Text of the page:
Seattle Multimodal Terminal at Colman Dock Project - What to expect during construction

March construction update

View photos and video of crews building your new Colman Dock.

The entire north half of our Seattle terminal is now under construction and closed to vehicles waiting for a ferry. The toll plaza and the vehicle waiting lanes south of the terminal building remains open while the north half is closed. 

When the waiting lanes are full, drivers will be directed to wait at the off-site overflow vehicle waiting area located near the drive-on entrance on Pier 48. Drivers should plan to arrive at least 30 minutes before their scheduled sailing to accommodate the smaller dock, especially during peak commute times. These changes are needed so crews can rebuild the north half of the dock while continuing construction of the new terminal building and the passenger-only ferry facility on the south half. 

Coming soon: Several vehicle holding lanes will shift locations to make room for construction of a temporary elevated walkway connecting the Marion Street Pedestrian Bridge to the new terminal building. Construction is expected to start in early April. 

More changes for drivers, pedestrians, and bicycles now in effect.

Why are these changes needed?

  • Shifting the vehicle holding areas allows us to make the most efficient use of available vehicle holding space on the dock as construction expands through mid-summer 2019.
  • This change also allows us to offer full ferry service for millions of commuters and ferry riders while working to rebuild the aging and seismically-vulnerable Seattle ferry terminal at the same time. 

What else is being done to maximize room for vehicles waiting for the ferry at Colman Dock? 

  • Our contractor is using up to three barges at a time to operate very large construction cranes and stage necessary equipment that would otherwise need to be stored on the dock. We are working on four different sections of the project at the same time. Crews are building the new passenger-only ferry terminal and the first section of the new main ferry terminal building while demolishing the northwest corner of the main terminal building in use today and rebuilding the entire north half of the trestle, between the terminal building and the temporary passenger-only ferry dock
  • All of the work on this complex project is happening while we maintain full ferry service to and from Seattle. ​

Noise and odor expected during construction Fall 2018 through mid-February 2019

Nearly all of the seismically vulnerable dock located on the north side of the terminal building will be removed down to the water line and replaced with a sturdy steel and concrete deck, supported by large steel piles.

Odor

Demolition of the existing dock requires us to pull out smelly creosote wooden support beams and parts of the deck that have not seen the light of day in 70 years. Doing this work during the colder, wetter months helps to minimize the odor. 

  • Customers may smell pungent marine odors caused by pulling out old support beams and exposing the underside of the existing north trestle dock as it is demolished and removed. 
  • The odor is non-toxic and will be contained as much as possible.
  • All creosote wooden beams will be stored on a barge and covered in plastic during non-working hours. They will be removed and disposed of regularly. 
  • It is normal to see a creosote sheen on the water while we are pulling out old creosote-treated piles. We will use an absorbent creosote sheen containment boom to surround the active worksite.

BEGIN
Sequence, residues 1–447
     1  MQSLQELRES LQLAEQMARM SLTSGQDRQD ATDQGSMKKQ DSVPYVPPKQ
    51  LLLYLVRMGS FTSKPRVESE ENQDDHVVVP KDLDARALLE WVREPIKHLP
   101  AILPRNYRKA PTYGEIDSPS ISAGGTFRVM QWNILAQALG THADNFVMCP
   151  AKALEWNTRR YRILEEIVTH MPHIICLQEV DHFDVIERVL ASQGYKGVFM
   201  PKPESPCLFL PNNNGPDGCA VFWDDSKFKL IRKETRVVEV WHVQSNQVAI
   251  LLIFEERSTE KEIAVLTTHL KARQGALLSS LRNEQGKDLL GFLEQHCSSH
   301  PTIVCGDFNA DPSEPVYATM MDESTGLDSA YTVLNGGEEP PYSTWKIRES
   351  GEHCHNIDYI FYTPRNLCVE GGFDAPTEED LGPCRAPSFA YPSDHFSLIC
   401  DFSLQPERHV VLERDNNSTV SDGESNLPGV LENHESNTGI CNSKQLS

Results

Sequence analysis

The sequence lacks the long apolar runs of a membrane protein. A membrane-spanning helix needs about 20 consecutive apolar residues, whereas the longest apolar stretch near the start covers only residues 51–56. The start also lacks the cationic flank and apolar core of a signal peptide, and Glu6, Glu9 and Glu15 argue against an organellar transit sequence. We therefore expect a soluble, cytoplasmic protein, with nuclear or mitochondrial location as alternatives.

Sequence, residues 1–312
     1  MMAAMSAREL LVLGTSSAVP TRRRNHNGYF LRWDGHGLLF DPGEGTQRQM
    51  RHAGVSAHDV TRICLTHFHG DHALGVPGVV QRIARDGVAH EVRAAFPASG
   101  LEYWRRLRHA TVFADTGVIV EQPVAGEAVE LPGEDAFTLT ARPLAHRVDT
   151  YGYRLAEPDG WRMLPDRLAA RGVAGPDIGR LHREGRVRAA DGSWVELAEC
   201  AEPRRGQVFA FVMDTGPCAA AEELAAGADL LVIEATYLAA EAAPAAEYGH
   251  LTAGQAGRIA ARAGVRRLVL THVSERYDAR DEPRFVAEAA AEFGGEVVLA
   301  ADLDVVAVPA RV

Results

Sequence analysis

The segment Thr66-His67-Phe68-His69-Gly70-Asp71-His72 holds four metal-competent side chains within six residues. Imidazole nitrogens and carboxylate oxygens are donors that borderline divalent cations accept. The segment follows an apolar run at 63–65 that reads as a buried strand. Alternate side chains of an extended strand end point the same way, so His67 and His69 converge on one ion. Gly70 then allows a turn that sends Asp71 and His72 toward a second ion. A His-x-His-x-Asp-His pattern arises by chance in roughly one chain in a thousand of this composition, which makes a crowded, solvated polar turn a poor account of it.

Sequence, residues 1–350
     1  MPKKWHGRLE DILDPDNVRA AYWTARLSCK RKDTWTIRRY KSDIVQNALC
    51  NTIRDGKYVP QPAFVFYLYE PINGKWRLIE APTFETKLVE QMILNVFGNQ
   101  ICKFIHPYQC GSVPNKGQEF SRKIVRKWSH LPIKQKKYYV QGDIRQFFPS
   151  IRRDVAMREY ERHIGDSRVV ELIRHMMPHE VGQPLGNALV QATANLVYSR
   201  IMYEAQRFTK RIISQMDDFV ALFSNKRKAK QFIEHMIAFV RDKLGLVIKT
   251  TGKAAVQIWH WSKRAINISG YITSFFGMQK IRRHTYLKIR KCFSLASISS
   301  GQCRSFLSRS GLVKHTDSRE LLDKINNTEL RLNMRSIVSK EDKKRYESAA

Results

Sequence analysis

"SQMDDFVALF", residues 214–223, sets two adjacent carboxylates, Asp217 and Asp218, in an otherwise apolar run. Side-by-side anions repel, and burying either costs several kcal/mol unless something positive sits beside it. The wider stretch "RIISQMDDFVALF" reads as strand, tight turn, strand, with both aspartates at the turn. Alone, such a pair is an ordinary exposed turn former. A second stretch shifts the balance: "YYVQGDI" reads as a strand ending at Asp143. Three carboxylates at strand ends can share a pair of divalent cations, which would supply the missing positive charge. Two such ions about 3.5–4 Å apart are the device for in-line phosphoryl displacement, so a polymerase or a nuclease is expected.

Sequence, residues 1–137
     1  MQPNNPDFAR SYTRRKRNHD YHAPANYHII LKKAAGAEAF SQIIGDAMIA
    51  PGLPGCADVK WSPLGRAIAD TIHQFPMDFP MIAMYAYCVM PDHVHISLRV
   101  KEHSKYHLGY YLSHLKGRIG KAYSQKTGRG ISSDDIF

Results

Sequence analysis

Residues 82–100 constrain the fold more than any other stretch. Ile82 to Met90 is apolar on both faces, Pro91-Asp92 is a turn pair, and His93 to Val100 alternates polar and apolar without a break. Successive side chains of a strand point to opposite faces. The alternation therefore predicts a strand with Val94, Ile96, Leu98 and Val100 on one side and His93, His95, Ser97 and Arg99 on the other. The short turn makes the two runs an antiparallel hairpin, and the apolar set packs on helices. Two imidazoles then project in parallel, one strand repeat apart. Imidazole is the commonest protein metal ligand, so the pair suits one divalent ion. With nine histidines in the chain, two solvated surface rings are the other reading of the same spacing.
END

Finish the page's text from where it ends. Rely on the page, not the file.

Noise

Installing large steel support columns is noisy work and will only be done during daylight hours. 

  • We will minimize loud impact pile driving by vibrating the piles as deep as possible. Customers may feel vibrations inside the terminal building and in the vehicle holding lanes on the opposite end of the dock. 
  • In most cases, loud impact pile driving will only be used to drive in the last section of each pile so that it is firmly embedded into the sea floor.
  • Disposable earplugs are available to customers at Colman Dock. Speak with a terminal staff member, or visit the information booth inside the terminal building, to get a pair., 

Protecting marine mammals and Marbled Murrelets during pile-driving work

We have a team of observers watching the water for whales, orcas, seals and other marine mammals as well as Marbled Murrelets, an endangered sea bird.

  • We stop all loud work such as installing steel piles when these animals are near Colman Dock.
  • We also stop work when observers can't see the surface of the water due to dense fog or weather. 

Terminal space is limited during construction through early 2023

Through Mid- 2019 

Map of construction areas through mid 2019 on Colman Dock

The passenger terminal building remains open, but it is much smaller and has fewer amenities. A smaller terminal building allows crews enough room to work as safely and efficiently as possible while we maintain full ferry service. The passenger-only ferry dock, servicing the King County Water Taxi and the Kitsap Transit Fast Ferry, opens to the public in summer 2019.

The smaller terminal building maintains:

  • Ticket sales
  • ADA accessible restrooms 
  • Some seating
  • Limited food options
  • Information booth
  • Visual paging services
  • Full ferry service with no cuts to the number of sailings
  • Pedestrian connections to Alaskan Way and the Marion Street Bridge 

Summer 2019 until project completion in 2023

Map of Colman Dock starting in summer 2019

The entire former terminal building is demolished. Full ferry service to and from Bainbridge Island and Bremerton continues to operate out of the southern half of the new terminal building. Elevated walkways connect to the King County Water Taxi and Kitsap Transit Fast Ferry passenger-only ferry dock and to Alaskan Way and the Marion Street Bridge.